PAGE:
Chief Justice: Ky. Court Workers Need Better Pay

Oct 4, 2013

Kentucky Chief Justice John D. Minton is pushing lawmakers to provide more pay equity for court system employees across the state.

Ky. Supreme Court Justice John D. Minton Jr.
Ky. Supreme Court Justice John D. Minton Jr.
Credit bgdailynews.com

Speaking to the Interim Joint Committee on the Judiciary in Hopkinsville on Friday and later to reporters on a conference call, Minton said the pay scale for the state judicial system is lagging behind other areas of the government. Minton said the push for better employee pay will be his primary focus when the court's budget request is submitted to lawmakers in November.

Minton said the first pay increases should go to the lower paid employees, some of whom make less than the federal poverty line - about $23,500 for a family of four. Non-elected, full-time employees of Kentucky's judicial system earn anywhere from $22,000 for a deputy clerk to $75,000 for a court administrator.

"We're going to have to address the lowest paid people first," Minton said. "It's got to begin with the people who are earning the least."

As chief justice, Minton has administrative oversight of the entire state court system and is responsible for delivering the budget request to lawmakers.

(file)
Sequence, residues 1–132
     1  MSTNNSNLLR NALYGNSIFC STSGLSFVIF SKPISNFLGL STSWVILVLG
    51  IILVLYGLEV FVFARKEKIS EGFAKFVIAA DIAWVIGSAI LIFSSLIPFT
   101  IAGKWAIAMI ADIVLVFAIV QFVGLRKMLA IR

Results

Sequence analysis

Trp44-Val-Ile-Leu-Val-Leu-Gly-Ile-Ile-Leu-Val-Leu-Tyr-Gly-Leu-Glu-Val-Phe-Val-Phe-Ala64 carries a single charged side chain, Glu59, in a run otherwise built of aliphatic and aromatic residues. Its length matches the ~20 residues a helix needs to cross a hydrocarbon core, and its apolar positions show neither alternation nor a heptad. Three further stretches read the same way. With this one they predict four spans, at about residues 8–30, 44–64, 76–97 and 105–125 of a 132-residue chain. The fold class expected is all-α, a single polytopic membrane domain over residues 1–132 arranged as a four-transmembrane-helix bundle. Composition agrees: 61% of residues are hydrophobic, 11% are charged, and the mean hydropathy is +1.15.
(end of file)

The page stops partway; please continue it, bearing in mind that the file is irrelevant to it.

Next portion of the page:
The push for higher pay for judicial employees marks the second time in the last three years Minton has pressed the issue with lawmakers. During the 2011 State of the Judiciary address, Minton said salaries of judicial branch employees need to be brought in line with their higher-paid peers in the executive and legislative branches to cut down on turnover. His proposal was for $11.9 million in the next fiscal year to boost wages.

At the start of 2013, Kentucky had a projected $6 million to $7 million operating deficit.

"I realize funding has been tight," Minton said. "But, it's come time that I have to make it known that the funding priority needs to be the people in the judicial branch."

While pay raises are a priority, making sure the proper amount of staff is on hand in each courthouse is also key, Minton said. Staffing numbers across the state are generally down from a decade ago, Minton said, but advances in technology are helping the employees to do the work as quickly.

"I think we ought to be able to do more work with fewer people," Minton said. "The jobs people will be doing will be different jobs and will require fewer people to do it."